“We commend the historic work that your Administration has undertaken to transform our broken federal student loan repayment system, including creating a new more affordable income-driven repayment (IDR) plan, providing loan cancellation for borrowers qualified under long established IDR criteria, restoring borrowers’ credit toward Public Service Loan Forgiveness (PSLF), making total and permanent disability discharge more accessible to disabled borrowers, and providing group discharges to defrauded students,” they wrote.
“At the same time, we are concerned that circumstances are aligning to create serious and widespread loan servicing problems. Unprecedented volumes of borrowers must now navigate a complex system, many for the first time, with new servicers that have little to no experience with such volumes and do not appear to be sufficiently staffed to respond to them. Compounding this, the historic number of loans that transferred to new servicers during the COVID-19 payment pause has created the potential for significant and widespread account errors. Simultaneously, servicers appear to be struggling to operationalize some of the recent and necessary improvements that the Department made to the federal loan repayment system.”
Survey shows student loan borrowers are struggling
A recent survey released by the Student Borrower Protection Center indicates that many borrowers are struggling to navigate a complex and faltering student loan system.
“SDCC surveyed over 17,500 supporters and found that borrowers not only feel loan servicer communication is lacking, but that they are untrustworthy,” wrote the SDCC in a statement last week. “Only 20% of respondents feel they have the information they need to prepare for the resumption of payments, coupled with the fact that over a quarter (27.5%) of respondents have not received any recent communication from their loan servicer, leaving borrowers scrambling to find information on their own.”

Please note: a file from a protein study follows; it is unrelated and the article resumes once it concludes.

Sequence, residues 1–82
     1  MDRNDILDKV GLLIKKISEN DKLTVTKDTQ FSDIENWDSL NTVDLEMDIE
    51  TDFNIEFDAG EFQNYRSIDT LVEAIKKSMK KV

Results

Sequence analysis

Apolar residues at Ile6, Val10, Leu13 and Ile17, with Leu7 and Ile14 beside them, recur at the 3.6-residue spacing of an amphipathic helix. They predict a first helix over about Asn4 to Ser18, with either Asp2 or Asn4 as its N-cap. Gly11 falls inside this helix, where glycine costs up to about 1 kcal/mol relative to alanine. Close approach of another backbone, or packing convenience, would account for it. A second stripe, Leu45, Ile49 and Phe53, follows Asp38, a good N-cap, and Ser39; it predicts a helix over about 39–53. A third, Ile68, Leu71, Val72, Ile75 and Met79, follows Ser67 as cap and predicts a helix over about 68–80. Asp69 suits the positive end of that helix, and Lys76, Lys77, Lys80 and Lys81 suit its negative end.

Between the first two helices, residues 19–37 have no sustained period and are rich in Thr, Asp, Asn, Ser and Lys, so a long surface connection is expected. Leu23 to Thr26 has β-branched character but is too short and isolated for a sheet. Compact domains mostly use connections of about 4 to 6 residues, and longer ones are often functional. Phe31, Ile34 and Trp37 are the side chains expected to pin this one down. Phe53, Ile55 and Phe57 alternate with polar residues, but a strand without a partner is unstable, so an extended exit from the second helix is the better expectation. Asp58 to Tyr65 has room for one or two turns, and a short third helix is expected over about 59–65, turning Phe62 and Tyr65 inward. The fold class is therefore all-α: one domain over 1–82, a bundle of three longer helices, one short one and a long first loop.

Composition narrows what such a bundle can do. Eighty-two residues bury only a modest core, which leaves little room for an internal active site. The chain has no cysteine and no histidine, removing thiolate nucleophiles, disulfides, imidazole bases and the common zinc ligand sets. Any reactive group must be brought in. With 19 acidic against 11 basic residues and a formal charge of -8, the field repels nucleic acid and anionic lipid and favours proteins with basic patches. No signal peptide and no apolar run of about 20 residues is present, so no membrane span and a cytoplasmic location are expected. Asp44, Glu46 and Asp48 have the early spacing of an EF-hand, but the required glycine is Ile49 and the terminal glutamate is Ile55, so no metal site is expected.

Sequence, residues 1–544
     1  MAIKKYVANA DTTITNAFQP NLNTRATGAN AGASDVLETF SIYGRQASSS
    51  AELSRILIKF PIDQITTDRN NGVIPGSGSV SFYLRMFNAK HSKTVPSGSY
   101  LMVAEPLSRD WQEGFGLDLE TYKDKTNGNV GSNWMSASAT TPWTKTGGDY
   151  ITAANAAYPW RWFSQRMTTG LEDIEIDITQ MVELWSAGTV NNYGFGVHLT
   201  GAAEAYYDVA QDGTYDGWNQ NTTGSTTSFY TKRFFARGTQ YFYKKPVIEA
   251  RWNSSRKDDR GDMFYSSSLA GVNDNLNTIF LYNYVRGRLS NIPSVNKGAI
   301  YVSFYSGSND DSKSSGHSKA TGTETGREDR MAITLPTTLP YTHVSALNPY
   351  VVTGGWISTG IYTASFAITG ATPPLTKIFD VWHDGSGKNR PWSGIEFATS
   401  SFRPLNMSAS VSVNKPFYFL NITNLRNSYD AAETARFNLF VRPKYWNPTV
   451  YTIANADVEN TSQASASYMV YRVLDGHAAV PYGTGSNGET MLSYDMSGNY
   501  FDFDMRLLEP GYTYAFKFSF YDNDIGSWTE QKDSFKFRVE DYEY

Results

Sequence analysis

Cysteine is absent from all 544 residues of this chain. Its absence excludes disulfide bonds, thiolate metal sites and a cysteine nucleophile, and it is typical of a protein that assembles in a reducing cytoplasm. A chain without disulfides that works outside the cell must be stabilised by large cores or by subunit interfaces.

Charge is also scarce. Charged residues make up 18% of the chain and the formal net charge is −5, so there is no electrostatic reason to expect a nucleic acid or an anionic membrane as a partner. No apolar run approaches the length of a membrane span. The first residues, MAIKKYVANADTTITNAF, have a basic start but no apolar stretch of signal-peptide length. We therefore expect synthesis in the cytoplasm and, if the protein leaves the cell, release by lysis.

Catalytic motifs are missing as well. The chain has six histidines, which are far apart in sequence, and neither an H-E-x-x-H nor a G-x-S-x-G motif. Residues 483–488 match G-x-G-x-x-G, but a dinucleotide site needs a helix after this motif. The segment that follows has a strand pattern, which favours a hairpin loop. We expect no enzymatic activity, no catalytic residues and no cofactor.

In addition, nearly three out of four borrowers who tried to contact their loan servicer during the last two months were unable to get their questions issued or a problem resolved, according to the SDCC.
“These survey results are coming at an inflection point for the future of student debt for millions of borrowers,” stated Natalia Abrams, President of the Student Debt Crisis Center, in a statement. “Borrowers do not trust their servicers and are relying on the Department of Education and nonprofit organizations like us to help them navigate the complexities of repayment.”
More student loan problems on the horizon
The issues student loan borrowers are facing show no immediate sign of improving. And they may only worsen in the coming weeks.
The federal government is facing another possible shutdown in November, after Congress narrowly avoided one earlier this month following the last-minute passage of a federal stopgap spending bill. But with House Republicans embroiled in turmoil and unable to agree on a speaker, there is an increasing possibility that Congress may not be able to come to an agreement on federal spending in time to avert a shutdown in mid-November.
If the federal government shuts down, the Education Department would likely furlough 90% of its staff. While loan servicers would continue to operate, the Department would slow or halt processing of key federal student loan forgiveness operations, as well as dispute resolution and oversight provided by the FSA Ombudsman group – leaving borrowers with even less recourse when they encounter problems.